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Archive for Friday, August 31, 2001

Chancellor gives his approval to ‘wet’ football tailgating

August 31, 2001

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For the first time in 10 years, Kansas University will allow football fans to drink alcohol at pre-game tailgate parties on campus.

Chancellor Robert Hemenway announced Thursday the university would allow alcohol consumption for three hours before each home game in the parking lots and grassy areas surrounding Memorial Stadium.

The decision drew praise from football fans, who said it would boost game attendance. KU opens its season at 6 p.m. Saturday against Southwest Missouri State.

"I think people are down about this season, and this will make it more fun hanging out in the sun, having some brews," KU senior Michael Holton said.

State laws prohibit drinking on university campuses except for areas designated by administrators for fund-raising. In this case, KU plans to collect money for the KU Marching Band, and other benefactors may be targeted in the future.

"It's recognized across the nation tailgating is a popular tradition," Athletics Director Al Bohl said. "If you go to a wedding or a reunion or a family function, people can choose to have alcohol or not have it. We're taking this from a responsible standpoint. Hopefully, we can use it to help fill the stadium."

Hemenway was out of town and unavailable for comment Thursday. In a prepared statement, he said the decision came after "listening to the concerns of Jayhawk alumni, students, faculty and staff."

"We are dealing openly and honestly with the issues of alcohol attached to tailgating," he said. "We will assess the effects of this experiment throughout the season. I ask the Jayhawk community, young and old, to demonstrate that we can support a festive college football environment that all Jayhawks can take pride in."

Luring fans

Fans won't be allowed to bring alcohol into the stadium, and no kegs will be allowed.

Alcohol will only be permitted in designated areas. Lawrence Police Sgt. Mike Pattrick said leaving campus with an open container is illegal, and he said patrol officers would be on the lookout for drunken drivers.

KU Public Safety Lt. Schuyler Bailey referred questions about tailgating to the University Relations office.

The new policy is part of Bohl's efforts to boost attendance at football games. As of Thursday evening, 35,000 tickets had been sold to Saturday's game, which is more than every home game last season except the matchup with Kansas State. Stadium capacity is listed at 50,250.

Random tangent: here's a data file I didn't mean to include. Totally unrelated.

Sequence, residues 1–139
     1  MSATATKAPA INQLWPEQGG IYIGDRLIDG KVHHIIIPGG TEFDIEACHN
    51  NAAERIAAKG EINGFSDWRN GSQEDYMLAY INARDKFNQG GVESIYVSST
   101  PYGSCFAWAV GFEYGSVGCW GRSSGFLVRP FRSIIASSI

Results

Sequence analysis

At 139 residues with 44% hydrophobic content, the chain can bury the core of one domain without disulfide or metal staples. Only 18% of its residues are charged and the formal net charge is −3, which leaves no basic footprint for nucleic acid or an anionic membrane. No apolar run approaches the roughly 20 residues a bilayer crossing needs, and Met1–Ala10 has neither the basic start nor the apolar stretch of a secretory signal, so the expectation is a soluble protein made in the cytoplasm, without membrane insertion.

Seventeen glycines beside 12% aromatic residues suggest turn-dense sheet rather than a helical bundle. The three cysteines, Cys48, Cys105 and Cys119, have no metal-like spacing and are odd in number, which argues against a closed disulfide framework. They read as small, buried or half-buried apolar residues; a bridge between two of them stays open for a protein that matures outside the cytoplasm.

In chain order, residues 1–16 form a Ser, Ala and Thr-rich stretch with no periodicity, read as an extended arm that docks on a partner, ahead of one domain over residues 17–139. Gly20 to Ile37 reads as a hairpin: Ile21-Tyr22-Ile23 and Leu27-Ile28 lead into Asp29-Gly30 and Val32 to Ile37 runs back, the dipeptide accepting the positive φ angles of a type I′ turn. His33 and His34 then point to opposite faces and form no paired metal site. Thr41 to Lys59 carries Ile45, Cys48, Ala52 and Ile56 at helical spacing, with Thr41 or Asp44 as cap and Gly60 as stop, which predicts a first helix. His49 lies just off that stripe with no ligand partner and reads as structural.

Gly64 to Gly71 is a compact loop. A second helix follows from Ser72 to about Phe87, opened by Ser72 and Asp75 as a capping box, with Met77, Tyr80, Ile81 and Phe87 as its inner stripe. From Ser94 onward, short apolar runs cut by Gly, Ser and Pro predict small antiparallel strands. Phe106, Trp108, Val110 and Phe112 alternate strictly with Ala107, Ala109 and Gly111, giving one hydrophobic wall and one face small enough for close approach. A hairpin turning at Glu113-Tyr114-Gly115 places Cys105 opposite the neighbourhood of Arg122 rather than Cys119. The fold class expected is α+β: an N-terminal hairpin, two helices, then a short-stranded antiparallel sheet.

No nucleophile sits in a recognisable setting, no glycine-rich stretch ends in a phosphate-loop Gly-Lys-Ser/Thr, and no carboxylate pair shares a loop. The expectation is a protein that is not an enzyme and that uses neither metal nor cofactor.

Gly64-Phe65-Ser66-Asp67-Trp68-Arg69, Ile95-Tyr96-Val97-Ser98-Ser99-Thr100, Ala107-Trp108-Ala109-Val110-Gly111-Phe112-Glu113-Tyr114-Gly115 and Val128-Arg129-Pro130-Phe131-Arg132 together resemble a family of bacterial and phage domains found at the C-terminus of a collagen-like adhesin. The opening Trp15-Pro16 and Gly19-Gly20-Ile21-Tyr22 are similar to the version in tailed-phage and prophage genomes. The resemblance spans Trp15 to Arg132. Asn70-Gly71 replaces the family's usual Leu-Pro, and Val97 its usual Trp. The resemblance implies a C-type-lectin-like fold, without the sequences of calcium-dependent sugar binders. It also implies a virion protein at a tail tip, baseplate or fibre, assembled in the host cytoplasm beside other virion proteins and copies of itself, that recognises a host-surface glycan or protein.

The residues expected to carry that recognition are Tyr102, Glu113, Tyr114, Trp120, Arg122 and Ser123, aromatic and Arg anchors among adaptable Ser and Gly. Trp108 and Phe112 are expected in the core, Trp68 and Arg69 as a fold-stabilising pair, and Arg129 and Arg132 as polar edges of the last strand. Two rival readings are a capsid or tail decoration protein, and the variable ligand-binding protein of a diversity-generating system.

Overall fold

Other pre-game events include "The Zone" near the south end zone, with food, games, pep band, mascots and student-athletes signing autographs.

The athletics department also has booked two bands for each home game. One will play on Campanile Hill, the other near the northwest corner of the stadium. Festivities will begin two hours before kickoff.

"I think it will make a big deal out of the KU games, liven things up, and get people excited about football again," KU junior Ryan Dodd said.

'Flexibility, reality'

Mindie Dodson, co-owner of Dodson Liquor, 846 Ill., said she didn't expect much difference in her business Saturday. Game days always have been busy, she said, since many fans already have been tailgating at their homes, in private parking lots and illegally in campus lots.

"I view it as KU demonstrating some flexibility and some reality," she said.

But Max Sutherland, executive director of Mothers Against Drunk Driving in Kansas, said he feared the new policy would lead to impaired drivers.

"It's a shame it's the way you have to attract people to a football game," he said. "We don't feel the main attraction should be tailgate parties and alcohol. If that's what you have to do to get people to go to a football game, there's something else wrong."

He also said the tailgating would lead to underage drinking.

Jan Mahlios, whose house on Maine Street sits across from Gate 21 at Memorial Stadium, had other worries.

She said football crowds already regularly encroach on her property. Adding legal alcohol to the mix, she said, may make the problem worse.

"There are a fair number of people who are poorly behaved, who throw trash in yards, throw beer over our fence," she said. "We've had people come up the driveway and urinate in the bushes. There's an attitude this becomes public property on game day."

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